Cape Town’s Power Play: Selling Excess Solar Energy for Cash

Capetonians to Cash in on Solar Surplus

Cape Town, known for its stunning landscapes and picturesque beaches, is now set to lead the way in innovative energy solutions. In a pioneering move, the city becomes the first in South Africa to incentivize households and businesses to sell their surplus rooftop solar power. This year, through its revolutionary ‘Cash for Power’ initiative, the City of Cape Town plans to convert excess power into cash incentives.

Solar Power: Driving Commercial and Residential Interest

While Cape Town’s installed solar PV capacity primarily serves commercial interests, residential applications are creating record-breaking demand. “This surge in interest reflects our policy shift toward supporting the adoption of secure, legally compliant solar installations,” remarked Mayor Geordin Hill-Lewis.

Making Solar Power More Attractive

In an effort to bolster solar attractiveness, the city is increasing the residential small-scale embedded generation tariff by 10.15% for 2023/24, coupled with a 25c per kWh incentive. Additionally, the administration fee for the monthly AMI meter in 2023/24 will see a significant reduction, on top of the recently introduced national tax incentives for solar PV investments.

Record High Demand for Solar Power

Cape Town’s solar PV demand is skyrocketing. According to Hill-Lewis, the first few months of 2023 have already exceeded February’s record-breaking solar PV installation applications. “With 2,333 solar PV installation applications received this year, including nearly 700 in March alone, 2023 already accounts for 21% of all solar PV applications since records began,” Hill-Lewis said.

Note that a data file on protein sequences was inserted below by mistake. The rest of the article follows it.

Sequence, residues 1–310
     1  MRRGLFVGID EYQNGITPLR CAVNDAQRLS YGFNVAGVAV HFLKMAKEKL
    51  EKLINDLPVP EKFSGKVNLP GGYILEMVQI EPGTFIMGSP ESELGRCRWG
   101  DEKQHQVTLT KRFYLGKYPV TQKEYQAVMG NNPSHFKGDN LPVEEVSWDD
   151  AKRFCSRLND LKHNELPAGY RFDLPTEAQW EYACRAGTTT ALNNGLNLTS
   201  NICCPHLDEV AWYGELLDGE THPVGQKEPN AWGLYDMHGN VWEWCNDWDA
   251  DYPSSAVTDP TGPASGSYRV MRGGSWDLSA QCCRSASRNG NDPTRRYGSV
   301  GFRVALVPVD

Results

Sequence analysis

Power Heroes Campaign: Putting Power in the Hands of the People

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The City’s ‘Power Heroes’ campaign is another ambitious initiative aiming to empower households. By signing up, residents can participate in remote demand management during peak hours. The Mayor affirms that with enough participation, residents could significantly reduce the impacts of load shedding.

Plans to End Loadshedding: Three-Phase Procurement

Parallel to these initiatives, the City continues its commitment to shield residents from the first four stages of Eskom’s load shedding within three years. Councillor Beverley van Reenen, mayoral committee member for energy, informed that contracts for 200MW of renewable energy (with 500MW currently on tender) are slated to be awarded later this year.

Major Municipal Generation Projects

Simultaneously, key municipal generation projects, such as the Steenbras Hydro Pumped Storage Scheme and a forthcoming R1.2bn solar plant and battery project in Somerset West, are moving forward. These projects aim to provide significant protection from load-shedding, marking a new era of energy independence for the city.